The current diary page, with one day’s entry visible.

Last month, I had an email exchange with the the good people over at Deviation Street and they included some of that in their lockdown series of posts. You can find that post here.


I feel like there was something else I wanted to include, but if it was significant I’ll get it in next time. I’ve incrementally been returning to this post for weeks now, so who knows anymore. Stay smart, and until the next time…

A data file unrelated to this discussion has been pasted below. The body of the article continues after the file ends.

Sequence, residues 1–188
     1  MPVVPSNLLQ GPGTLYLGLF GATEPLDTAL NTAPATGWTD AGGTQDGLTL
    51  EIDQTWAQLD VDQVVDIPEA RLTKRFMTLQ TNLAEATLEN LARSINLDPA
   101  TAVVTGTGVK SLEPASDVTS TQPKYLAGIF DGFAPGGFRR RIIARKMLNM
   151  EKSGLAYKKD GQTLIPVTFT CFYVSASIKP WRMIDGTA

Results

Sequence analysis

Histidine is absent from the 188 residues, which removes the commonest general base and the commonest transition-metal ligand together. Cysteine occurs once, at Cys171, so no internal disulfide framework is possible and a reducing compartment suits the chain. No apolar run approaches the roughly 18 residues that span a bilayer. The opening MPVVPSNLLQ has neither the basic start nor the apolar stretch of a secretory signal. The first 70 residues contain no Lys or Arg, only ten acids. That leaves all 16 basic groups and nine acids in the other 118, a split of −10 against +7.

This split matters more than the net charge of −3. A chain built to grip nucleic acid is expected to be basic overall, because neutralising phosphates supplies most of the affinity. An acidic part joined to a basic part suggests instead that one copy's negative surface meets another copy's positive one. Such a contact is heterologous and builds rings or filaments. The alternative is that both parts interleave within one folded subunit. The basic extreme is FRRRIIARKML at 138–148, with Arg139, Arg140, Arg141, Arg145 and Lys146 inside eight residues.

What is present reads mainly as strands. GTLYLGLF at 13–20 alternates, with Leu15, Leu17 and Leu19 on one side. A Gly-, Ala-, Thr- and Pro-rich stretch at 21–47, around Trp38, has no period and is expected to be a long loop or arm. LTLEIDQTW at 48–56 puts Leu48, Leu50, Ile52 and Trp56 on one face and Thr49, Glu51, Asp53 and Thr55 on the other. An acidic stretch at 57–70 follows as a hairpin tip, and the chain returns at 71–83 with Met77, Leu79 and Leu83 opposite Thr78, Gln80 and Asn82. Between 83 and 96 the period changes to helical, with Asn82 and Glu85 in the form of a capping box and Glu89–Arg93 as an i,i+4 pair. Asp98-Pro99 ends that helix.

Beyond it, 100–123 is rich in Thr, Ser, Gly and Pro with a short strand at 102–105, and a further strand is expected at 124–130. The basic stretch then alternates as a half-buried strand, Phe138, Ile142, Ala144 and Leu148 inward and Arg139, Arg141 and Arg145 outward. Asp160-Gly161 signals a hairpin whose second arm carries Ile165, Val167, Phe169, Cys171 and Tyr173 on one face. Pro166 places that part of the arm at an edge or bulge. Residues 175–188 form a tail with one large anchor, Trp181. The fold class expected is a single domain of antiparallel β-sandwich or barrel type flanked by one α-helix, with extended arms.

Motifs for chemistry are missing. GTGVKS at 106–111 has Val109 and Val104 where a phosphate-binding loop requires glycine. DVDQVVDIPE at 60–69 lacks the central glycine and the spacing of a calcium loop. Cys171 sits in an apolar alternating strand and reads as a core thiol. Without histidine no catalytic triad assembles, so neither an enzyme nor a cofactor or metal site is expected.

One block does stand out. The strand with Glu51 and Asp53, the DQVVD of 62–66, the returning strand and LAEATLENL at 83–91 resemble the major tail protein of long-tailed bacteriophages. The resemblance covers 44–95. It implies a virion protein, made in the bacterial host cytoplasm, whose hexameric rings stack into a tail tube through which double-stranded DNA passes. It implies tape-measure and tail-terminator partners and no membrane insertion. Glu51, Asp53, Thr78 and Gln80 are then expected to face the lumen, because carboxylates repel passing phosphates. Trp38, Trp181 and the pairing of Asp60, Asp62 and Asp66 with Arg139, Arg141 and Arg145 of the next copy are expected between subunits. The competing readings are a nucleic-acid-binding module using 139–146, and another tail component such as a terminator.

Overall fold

Worldly Wandering and White Sticks





The Beginning of the end…

The year is almost out. Some are concerned about a potential Annunaki takeover. Others are exploring the possibility of living on Mars, or at least casting a reality tv show there. Back on Earth, the Circus Terminal are moving ever onwards having launched another installment of their touring exhibition. December 1st saw the opening at the Sangdee Gallery in Chiang Mai, Thailand. The exhibition features works by 54 artists from 17 countries, yours truly ever present. The exhibition goes on until the 10th so if anyone is in the vicinity, stop by and have a peruse. Here is a random curious image from the opening: